I leapt again and again, from one place to another. It was all different, changed, warped. The natural order ripped away. The magic gone. Gone!

Panic swept through me and I leapt further and further, staying a shorter and shorter time. The world was fading, the magic a distant shadow of what it had been.

And of my kind, nothing. Nothing!

Everywhere signs of our failure. Proof that the humans had warped and changed the world we were supposed to protect.

Vast deserts of sand where there had once been trees.

Seas of dying dirt with waves of monoculture wheats. Winds blew away grains of soil to be lost in the waters. The naked, lifeless rock beneath coming closer and closer to the surface as the rich loam flew over the oceans and sank to choke the life there.

How had it gone so wrong?!

Finally I stopped, high on a mountain overlooking jungle drowned rivers beneath a mist of rain and cloud. And even there, in the distance, hints of smoke and the nearly inaudible whine of combustion powered saws wafted hundreds of miles across the shrinking wilderness, mocking my failure. My complete failure.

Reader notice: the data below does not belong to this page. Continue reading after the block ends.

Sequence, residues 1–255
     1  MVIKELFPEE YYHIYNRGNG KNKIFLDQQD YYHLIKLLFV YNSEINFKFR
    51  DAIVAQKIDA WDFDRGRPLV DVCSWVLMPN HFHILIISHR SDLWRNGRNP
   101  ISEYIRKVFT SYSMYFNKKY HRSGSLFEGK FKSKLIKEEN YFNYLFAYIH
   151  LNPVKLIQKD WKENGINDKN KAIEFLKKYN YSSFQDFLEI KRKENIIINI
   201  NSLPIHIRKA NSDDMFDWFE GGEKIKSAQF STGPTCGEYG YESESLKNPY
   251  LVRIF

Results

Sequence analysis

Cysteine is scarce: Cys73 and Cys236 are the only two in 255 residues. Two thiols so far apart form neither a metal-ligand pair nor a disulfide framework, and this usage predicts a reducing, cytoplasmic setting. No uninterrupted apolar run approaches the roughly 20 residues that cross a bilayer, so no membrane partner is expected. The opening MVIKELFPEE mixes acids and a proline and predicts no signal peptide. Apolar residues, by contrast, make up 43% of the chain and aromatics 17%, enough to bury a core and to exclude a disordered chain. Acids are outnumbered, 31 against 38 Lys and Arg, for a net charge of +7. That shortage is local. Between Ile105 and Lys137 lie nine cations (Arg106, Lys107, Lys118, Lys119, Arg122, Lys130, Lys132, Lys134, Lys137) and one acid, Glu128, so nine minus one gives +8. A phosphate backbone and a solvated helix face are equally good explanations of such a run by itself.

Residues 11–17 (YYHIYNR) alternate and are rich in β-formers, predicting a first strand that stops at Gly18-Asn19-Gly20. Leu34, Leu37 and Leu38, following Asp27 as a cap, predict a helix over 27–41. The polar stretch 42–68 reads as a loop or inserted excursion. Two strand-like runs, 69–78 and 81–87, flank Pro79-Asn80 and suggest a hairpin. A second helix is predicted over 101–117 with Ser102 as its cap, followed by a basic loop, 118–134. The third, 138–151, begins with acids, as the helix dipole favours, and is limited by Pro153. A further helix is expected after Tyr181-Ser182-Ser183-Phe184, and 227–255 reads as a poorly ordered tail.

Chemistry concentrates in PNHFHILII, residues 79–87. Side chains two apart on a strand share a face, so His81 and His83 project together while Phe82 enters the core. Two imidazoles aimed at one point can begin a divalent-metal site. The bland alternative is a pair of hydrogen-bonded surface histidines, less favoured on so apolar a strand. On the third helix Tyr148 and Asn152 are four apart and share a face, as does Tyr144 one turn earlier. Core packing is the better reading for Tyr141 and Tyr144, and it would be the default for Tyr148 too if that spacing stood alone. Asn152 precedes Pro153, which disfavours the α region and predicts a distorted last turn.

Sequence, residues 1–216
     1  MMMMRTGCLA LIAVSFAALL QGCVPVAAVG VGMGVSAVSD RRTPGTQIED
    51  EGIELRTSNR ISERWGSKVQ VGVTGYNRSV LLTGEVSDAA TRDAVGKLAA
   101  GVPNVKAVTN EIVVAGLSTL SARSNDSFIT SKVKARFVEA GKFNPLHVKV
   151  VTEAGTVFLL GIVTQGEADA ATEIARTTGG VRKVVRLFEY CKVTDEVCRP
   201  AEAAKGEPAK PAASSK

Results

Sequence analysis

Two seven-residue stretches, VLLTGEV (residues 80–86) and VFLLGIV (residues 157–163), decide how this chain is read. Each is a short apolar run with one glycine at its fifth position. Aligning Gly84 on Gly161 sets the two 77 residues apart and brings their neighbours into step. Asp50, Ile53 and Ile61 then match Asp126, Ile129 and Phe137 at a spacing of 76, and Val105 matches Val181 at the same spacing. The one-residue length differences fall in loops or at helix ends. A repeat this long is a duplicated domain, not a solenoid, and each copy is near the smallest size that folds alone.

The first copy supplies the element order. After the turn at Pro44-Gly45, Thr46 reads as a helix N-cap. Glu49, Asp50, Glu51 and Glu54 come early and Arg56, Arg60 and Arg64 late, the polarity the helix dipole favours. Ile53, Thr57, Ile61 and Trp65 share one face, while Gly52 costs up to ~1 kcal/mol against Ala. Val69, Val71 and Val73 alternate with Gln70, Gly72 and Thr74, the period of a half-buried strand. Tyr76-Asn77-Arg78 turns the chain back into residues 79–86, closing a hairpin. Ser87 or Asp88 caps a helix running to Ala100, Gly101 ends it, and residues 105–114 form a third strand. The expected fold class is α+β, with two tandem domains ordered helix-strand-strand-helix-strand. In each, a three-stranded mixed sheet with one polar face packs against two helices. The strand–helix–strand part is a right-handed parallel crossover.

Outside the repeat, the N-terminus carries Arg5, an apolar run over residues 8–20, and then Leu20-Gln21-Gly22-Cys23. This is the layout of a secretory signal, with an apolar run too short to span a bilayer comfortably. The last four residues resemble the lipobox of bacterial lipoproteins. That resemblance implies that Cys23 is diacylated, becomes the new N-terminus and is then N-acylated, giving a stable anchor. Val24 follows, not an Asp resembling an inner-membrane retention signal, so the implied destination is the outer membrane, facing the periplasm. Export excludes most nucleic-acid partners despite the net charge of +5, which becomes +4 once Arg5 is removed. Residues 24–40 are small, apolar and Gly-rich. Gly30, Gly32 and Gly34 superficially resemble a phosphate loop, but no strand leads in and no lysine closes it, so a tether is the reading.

I staggered forward, crystal tears dripping from my eyes.

I was too late. Too small, too alone. The world was doomed, left in the hands of the naive who destroyed instead of built.

I sobbed, standing there, watching, hearing the world cry its pain.

Before me there was a small pool. Quiet, serene.

A last bit of innocence that remained in a world of horror and hopelessness.

I took a step forward, letting the still ice water, pure, cold, caress my fore hooves.

And yet, even here, I could feel specks of isotopes, shards of processed metal, of mercury, all gathered from the atmosphere.

Leaning forward I bowed, the weight of the world on my shoulders too heavy to bear, and let my long spiral horn pierce the water.

It was all in the hands of one naive species who didn't know what they were doing, and who had not the will to stop it. Glistening tears dripped down my muzzle and plinked into the water, sending shimmering light through the depths.

I stopped and turned my head and looked out, out across the jungle.

There was hope. They had the power; if only they had the will. They had the innocence, the magic, before it was buried under technology and science.

If only--